What is Brass?
Brass = Copper + Zinc
It is used in a wide variety of things: doorknobs, musical instruments, zippers, gears, locks, plumbing, electrical components, ammunition casings, as well as jewelry. It has a relatively low melting point and is easy to cast.
Today, almost 90% of brass is recycled. Since it's non-magnetic, it's easy to separate brass from other metals.
Adding aluminum to brass makes it corrosion resistant. Tin also adds corrosion resistance and is used in seawater applications (naval brass).
Exposure of brass to ammonia will result in "stress corrosion cracking". I can vouch for this myself---I tried adding a patina to a brass locket by exposing it to ammonia for a day, and the hinge completely dissolved!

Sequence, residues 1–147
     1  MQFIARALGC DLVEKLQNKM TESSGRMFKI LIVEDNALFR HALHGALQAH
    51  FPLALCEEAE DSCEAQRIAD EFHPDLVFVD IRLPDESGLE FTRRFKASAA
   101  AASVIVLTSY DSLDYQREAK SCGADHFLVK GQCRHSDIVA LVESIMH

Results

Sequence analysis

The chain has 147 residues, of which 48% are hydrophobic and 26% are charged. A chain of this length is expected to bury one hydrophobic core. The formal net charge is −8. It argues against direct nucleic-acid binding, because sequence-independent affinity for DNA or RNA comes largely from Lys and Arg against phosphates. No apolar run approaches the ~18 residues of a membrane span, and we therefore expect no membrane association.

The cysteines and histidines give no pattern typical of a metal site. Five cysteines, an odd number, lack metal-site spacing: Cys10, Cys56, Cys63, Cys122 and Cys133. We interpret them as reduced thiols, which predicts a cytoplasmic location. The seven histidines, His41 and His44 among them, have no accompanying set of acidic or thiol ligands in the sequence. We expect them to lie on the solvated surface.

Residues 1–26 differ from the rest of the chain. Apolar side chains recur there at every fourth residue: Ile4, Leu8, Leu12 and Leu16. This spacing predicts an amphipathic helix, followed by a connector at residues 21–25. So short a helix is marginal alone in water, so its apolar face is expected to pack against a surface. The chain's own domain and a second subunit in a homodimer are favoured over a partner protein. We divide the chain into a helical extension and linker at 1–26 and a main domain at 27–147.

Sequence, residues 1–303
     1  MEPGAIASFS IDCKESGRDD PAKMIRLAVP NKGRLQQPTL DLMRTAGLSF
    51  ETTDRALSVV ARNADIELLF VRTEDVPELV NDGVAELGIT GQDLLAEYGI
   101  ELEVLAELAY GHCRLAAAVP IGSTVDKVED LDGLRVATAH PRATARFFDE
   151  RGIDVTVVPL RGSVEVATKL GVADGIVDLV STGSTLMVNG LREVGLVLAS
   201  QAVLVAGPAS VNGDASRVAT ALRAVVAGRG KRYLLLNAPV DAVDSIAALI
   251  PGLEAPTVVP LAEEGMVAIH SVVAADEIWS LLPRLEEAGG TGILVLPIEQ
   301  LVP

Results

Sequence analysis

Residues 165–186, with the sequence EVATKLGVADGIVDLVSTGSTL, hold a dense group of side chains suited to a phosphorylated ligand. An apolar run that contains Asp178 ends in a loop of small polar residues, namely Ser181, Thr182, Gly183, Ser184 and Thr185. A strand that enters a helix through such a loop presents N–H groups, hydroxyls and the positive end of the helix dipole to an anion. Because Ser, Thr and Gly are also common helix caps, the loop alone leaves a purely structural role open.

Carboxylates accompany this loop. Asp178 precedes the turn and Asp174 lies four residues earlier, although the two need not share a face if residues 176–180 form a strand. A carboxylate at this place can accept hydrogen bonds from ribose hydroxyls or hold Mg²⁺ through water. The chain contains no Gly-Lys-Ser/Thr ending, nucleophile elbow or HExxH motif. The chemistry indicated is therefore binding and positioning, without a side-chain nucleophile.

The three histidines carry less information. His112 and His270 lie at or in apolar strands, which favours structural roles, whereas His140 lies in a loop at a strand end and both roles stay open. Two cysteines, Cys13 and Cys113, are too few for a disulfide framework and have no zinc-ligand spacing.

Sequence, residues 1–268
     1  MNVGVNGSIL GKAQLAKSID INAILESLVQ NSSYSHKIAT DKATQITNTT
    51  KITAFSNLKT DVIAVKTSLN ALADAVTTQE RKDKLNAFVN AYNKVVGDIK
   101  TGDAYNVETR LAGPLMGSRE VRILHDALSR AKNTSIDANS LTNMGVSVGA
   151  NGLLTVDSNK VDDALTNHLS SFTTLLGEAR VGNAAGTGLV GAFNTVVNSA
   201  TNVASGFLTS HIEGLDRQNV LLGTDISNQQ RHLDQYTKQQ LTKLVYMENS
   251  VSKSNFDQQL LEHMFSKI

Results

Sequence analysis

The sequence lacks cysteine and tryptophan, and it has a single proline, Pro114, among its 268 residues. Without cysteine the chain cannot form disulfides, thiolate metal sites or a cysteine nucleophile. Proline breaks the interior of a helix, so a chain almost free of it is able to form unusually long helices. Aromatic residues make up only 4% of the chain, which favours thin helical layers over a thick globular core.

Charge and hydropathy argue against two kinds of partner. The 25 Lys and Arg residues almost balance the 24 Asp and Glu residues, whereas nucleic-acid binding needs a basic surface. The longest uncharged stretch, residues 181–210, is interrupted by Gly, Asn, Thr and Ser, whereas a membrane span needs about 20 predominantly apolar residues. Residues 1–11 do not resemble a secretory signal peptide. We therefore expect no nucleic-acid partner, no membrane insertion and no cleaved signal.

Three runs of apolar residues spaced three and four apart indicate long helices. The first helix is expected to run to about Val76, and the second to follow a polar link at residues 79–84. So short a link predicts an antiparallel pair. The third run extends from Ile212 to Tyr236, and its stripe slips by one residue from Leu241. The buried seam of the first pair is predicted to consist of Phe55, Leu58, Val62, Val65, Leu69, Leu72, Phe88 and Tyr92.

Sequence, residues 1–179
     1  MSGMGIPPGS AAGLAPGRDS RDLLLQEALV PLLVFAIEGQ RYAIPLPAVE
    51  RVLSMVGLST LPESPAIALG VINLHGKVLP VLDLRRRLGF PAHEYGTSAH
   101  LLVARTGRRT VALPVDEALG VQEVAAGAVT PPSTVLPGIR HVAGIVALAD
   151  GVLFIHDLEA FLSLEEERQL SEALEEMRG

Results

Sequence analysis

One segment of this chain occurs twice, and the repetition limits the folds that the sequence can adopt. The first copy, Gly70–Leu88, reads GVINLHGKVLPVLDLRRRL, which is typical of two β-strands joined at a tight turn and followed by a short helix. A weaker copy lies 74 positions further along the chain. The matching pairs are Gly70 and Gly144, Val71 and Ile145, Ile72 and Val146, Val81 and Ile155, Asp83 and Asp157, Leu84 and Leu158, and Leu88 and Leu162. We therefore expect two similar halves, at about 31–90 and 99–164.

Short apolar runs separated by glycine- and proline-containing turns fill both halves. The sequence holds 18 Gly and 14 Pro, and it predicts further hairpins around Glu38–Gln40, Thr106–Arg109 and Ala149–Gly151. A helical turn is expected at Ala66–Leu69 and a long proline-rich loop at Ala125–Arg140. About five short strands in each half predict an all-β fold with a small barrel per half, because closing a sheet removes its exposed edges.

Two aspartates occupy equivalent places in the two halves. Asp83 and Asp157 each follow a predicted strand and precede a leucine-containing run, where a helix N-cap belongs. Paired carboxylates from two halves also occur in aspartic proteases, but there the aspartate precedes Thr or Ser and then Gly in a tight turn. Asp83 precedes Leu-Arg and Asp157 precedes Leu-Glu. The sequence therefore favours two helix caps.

Brass is often coated with oil to protect it from corrosion.
What is Bronze?
Bronze = Copper + Tin
|Rodin's "The Thinker"|
Bronze is widely used in cast sculptures, and due to its corrosion resistance, is used in naval propellers, fittings, and bearings.
What is Pewter?
Pewter = Tin + Copper
Pewter is a grey alloy of Tin plus Copper. It is between 85-99% tin. Pewter that has a bluish tint is Tin alloyed with Lead, although this is uncommon today. The earliest piece of Pewter found was in an Egyptian tomb from about 1450 BC.
|Pewter Plate, French, 1793|
Today, pewter is mostly used in decorative objects, pendants, and replica coins.
|Cassiterite with Tin|
What is Tin?
Tin is a silvery-white metal found on the Periodic Table with the atomic number 50. It is highly resistant to water corrosion and is used to plate other metals. Tin is the 49th most abundant element in the Earth's crust. Tin must be extracted from other ores, mainly Cassiterite.
Today, about 50% of all tin is used in solder, and the other half used in the production of brass and bronze, and tin plating. of objects such as steel whistles (tin whistles), and steel cans (tin cans). It is also used in Li-ion batteries.